receive SNAP benefits have a child, elderly person, or disabled person. But while the negative stereotype of a food assistance recipient dominates the national conversation, the push to cut such programs will persist. The new proposal by House Republicans, expected to be fully released later this week, is leading that charge. The Center on Budget and Policy Priorities reports that the House proposal would cut funding for SNAP by $40 billion over 10 years. Such an extreme measure would force 4 to 6 million people out of the program, leaving them to struggle to simply put food on the table for their families. As if that isn’t bad enough, the proposed cut would be in addition to the impending expiration of increased benefits the 2009 Recovery Act proSee BREAKFAST, PAGE 3
Opinion opinion | 11 September 2013 | THE DAILY MISSISSIPPIAN | PAGE 3
BREAKFAST, continued from page 2
vided to SNAP. The end of the act in November will result in the average SNAP benefits per person per meal dropping from $1.50 to less than $1.40. SNAP is a reflection of the idea that any family at any time can experience hardship and need a little extra support. As our country slowly climbs out of the recession, we must recognize that many people have yet to find full-time employment with a livable wage. September is Hunger Action Month, a chance to make an impact in the fight to end hunger in the United States. It’s time to stop worrying about whether a small minority of those receiving benefits might be getting something they “don’t deserve.” Instead, let’s focus on the fact that 28 percent of children in Mississippi face going to bed hungry. Let’s consider that in the richest country in the world, one in six Americans are food insecure. Let’s tell our elected representatives that funding cuts are not the answer to our economic woes. And, finally, let’s recognize that the ability to go to Big Bad Breakfast every week truly is an indulgence that so many Americans will never be able to enjoy.
The problem with politically correct extremism
Christine Dickason is a junior public policy leadership major from Collierville, Tenn.
By WHITNEY GREER email@example.com
The oft-repeated phrase “political correctness” has become the death knell for meaningful debate within American society. The P.C. madness sweeping the nation was exemplified last Tuesday when UCLA’s student government passed a unanimous resolution to ban usage of the term “illegal immigrant.” The resolution refers to the word illegal as the “i-word” and claims its usage “endangers human rights.” The only concept endangered here is the freedom of speech. The resolution points out that “racially derogatory language … has historically bolstered the foundation for racially harmful actions including … hate crime and violence.” Before we dash to bash certain phrases on college campuses, let’s take a step back and analyze whether they are in fact racially derogatory, or simply a blatant truth. The legal and conversational definition of illegal immigrant is, “a non-citizen who has entered the United States without government permission.” Hmm, nothing in that definition seems to sound a battle cry to incite racial violence. Rather the definition seems quite sensible and devoid of any implicit racially demeaning undertones.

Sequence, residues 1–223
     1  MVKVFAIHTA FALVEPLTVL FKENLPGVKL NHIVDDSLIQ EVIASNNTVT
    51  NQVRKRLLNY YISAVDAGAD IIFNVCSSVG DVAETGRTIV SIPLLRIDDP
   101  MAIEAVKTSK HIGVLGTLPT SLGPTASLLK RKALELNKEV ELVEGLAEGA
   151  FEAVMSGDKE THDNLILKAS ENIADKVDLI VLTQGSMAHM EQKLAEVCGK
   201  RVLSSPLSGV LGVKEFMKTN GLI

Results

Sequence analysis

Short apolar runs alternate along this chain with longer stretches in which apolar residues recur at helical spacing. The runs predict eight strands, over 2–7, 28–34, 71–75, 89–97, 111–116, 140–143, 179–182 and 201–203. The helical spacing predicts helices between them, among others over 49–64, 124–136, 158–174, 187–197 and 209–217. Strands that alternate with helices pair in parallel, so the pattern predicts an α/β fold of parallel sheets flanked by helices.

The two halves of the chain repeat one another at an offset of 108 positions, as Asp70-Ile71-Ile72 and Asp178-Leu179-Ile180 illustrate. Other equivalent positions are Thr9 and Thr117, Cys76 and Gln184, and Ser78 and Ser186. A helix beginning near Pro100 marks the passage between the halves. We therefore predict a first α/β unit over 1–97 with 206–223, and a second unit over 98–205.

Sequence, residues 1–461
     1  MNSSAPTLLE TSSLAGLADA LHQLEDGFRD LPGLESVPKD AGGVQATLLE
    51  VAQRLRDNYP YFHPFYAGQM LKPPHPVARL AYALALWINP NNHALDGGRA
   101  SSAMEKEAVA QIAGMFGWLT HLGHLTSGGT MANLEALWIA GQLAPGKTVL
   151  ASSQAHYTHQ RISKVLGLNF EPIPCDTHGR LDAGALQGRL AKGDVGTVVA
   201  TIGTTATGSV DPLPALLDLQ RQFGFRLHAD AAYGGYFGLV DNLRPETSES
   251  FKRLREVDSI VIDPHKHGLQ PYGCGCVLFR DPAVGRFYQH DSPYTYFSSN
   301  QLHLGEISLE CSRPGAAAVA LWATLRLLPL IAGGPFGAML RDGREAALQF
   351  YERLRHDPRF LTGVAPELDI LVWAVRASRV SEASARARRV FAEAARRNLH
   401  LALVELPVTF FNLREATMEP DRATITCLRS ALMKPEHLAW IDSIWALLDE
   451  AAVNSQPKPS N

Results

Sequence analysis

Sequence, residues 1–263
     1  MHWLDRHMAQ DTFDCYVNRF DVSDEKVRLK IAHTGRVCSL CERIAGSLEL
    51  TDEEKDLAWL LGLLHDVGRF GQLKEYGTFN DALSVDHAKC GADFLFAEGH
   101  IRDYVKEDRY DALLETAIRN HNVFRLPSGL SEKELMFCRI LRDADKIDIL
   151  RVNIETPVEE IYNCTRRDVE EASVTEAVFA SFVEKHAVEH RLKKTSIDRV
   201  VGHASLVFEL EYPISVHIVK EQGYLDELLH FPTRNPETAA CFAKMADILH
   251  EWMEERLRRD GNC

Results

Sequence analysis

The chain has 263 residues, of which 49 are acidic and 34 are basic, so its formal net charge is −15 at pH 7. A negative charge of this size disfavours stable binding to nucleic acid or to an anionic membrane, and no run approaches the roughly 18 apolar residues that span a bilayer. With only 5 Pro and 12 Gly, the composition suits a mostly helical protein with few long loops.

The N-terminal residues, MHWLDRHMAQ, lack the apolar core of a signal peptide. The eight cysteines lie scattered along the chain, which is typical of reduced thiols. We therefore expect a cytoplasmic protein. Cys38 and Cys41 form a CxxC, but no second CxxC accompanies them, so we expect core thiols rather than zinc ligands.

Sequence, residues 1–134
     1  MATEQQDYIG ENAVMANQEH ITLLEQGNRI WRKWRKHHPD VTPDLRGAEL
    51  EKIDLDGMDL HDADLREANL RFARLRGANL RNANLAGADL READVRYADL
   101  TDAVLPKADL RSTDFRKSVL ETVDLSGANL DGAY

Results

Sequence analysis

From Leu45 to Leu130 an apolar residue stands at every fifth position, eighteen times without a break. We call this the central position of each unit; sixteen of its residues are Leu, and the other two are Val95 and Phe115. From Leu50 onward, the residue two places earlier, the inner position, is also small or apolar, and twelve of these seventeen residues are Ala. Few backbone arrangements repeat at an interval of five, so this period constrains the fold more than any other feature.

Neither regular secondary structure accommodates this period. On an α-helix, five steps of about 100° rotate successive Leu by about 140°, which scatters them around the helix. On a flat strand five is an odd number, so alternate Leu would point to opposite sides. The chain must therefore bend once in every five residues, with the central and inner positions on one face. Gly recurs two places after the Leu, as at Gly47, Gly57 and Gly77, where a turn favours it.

So what brought about this student government resolution? Was it widespread negative racial profiling, socially marginalized groups or perhaps violent hate crimes? None of the above, just the enforcement of federal law. The University of California recently appointed former U.S. Secretary of Homeland Security Janet Napolitano as their President. While Napolitano was the Secretary of Homeland Security, a record number of illegal immigrants were deported. Instead of being regarded as efficient and committed to upholding federal law, she is being demonized by the “politically correct.” The most disturbing aspect is that the student government at UCLA is supporting undocumented (key phrase there) students who expressed their concerns and fears with the recent appointment of Janet Napolitano. The students in question conveniently managed to document their complaint but not their citizenship. The backwards result of this being a campus resolution forbidding calling an illegal act illegal. If this sounds like utterly absurd logic—it is. The freedom of speech on a college campus, a place where discussion and educational growth through diversification should be encouraged, is being